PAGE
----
A mineral group containing at least three different gemstones: Alexandrite, Cat's eye chrysoberyl, and yellow chrysoberyl. All chrysoberyls are rare, although yellow chrysoberyl (which can be yellow or yellowish-green) is more common than the others (and is sometimes confused with peridot; both were once known as "chrysolite").

The family tends to display gem phenomena such as chatoyancy and color change; some people say that the only real "cat's eye" is a chatoyant chrysoberyl and anything else has to be identified as a "cat's eye quartz" or whatever type of gem it is..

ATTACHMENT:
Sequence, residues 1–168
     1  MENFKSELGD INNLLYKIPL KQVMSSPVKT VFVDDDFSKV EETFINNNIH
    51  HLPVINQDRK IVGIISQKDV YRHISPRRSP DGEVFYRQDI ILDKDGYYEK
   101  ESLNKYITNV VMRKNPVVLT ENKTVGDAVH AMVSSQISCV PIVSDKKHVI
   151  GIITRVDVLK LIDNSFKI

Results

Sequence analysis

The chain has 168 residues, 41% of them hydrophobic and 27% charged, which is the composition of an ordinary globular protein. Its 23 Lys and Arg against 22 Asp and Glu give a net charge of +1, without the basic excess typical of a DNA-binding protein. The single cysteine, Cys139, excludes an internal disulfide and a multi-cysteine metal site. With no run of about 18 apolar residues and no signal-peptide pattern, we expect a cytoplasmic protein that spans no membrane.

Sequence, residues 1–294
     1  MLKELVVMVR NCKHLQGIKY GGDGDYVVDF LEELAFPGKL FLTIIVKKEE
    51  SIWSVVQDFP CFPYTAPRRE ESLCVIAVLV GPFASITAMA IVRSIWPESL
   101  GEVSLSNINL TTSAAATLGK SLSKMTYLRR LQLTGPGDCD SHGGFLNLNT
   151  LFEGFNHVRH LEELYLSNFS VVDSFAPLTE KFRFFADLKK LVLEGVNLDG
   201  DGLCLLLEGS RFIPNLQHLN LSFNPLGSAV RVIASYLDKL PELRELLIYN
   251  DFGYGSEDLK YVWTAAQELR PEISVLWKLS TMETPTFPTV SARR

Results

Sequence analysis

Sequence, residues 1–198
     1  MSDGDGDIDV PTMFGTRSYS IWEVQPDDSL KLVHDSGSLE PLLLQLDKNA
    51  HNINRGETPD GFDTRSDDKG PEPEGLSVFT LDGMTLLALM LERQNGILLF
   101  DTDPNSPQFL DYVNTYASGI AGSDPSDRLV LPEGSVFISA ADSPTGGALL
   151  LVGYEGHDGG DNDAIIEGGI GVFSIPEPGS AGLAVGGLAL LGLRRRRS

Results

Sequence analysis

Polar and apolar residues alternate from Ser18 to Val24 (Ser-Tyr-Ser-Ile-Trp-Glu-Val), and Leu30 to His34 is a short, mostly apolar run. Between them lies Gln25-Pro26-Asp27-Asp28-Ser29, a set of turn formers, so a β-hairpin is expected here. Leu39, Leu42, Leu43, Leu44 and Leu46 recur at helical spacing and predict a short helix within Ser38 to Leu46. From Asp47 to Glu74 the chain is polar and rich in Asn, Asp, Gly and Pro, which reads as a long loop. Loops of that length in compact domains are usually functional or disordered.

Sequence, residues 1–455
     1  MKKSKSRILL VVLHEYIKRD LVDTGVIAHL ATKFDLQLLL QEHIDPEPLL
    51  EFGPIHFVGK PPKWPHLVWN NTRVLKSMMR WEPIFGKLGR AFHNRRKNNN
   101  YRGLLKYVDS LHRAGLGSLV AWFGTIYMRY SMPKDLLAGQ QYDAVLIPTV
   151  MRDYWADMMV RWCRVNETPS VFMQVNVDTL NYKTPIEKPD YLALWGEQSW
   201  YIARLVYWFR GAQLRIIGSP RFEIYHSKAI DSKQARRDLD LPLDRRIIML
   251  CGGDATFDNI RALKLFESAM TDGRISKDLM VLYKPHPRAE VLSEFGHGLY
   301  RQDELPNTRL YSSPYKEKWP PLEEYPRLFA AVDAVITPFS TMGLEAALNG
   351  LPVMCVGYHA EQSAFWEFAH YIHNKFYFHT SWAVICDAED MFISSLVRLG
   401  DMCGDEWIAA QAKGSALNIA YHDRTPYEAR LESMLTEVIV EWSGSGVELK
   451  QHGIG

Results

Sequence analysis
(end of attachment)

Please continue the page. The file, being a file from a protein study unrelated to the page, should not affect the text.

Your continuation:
Chrys"o*ber`yl (?), n. [L. chrysoberyllus, Gr. ; gold + beryl.] Min.

A mineral, found in crystals, of a yellow to green or brown color, and consisting of aluminia and glucina. It is very hard, and is often used as a gem.


© Webster 1913.

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